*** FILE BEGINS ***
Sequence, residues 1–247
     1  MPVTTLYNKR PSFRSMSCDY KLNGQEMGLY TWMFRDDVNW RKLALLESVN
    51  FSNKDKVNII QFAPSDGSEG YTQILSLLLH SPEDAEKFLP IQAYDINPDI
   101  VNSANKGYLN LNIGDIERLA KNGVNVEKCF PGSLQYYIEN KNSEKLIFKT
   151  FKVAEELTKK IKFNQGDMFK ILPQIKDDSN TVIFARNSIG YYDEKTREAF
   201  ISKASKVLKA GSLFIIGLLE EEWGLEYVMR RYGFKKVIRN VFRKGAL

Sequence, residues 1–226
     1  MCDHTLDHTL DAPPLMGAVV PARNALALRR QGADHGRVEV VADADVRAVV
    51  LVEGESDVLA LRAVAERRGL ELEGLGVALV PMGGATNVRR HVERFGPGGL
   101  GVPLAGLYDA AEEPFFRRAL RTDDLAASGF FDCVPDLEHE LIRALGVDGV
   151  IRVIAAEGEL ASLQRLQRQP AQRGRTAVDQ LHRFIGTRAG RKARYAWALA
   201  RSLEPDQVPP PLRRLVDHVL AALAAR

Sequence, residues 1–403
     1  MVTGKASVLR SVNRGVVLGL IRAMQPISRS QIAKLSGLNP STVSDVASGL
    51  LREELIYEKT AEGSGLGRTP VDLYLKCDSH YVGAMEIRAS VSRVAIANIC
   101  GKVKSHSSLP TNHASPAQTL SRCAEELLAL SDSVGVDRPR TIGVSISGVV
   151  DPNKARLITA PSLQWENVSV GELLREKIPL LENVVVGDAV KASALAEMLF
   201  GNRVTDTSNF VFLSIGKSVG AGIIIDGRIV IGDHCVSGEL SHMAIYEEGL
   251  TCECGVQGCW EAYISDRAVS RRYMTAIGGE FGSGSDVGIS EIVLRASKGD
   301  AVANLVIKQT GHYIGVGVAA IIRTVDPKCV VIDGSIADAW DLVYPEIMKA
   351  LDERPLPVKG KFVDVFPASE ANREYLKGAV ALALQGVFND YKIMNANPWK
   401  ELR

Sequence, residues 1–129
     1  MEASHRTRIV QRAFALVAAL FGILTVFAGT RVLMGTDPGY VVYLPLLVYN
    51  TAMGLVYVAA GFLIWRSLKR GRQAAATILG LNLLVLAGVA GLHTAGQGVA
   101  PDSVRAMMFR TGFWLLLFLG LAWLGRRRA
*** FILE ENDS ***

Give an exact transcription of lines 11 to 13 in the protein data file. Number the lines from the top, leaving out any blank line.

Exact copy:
   151  IRVIAAEGEL ASLQRLQRQP AQRGRTAVDQ LHRFIGTRAG RKARYAWALA
   201  RSLEPDQVPP PLRRLVDHVL AALAAR

Sequence, residues 1–403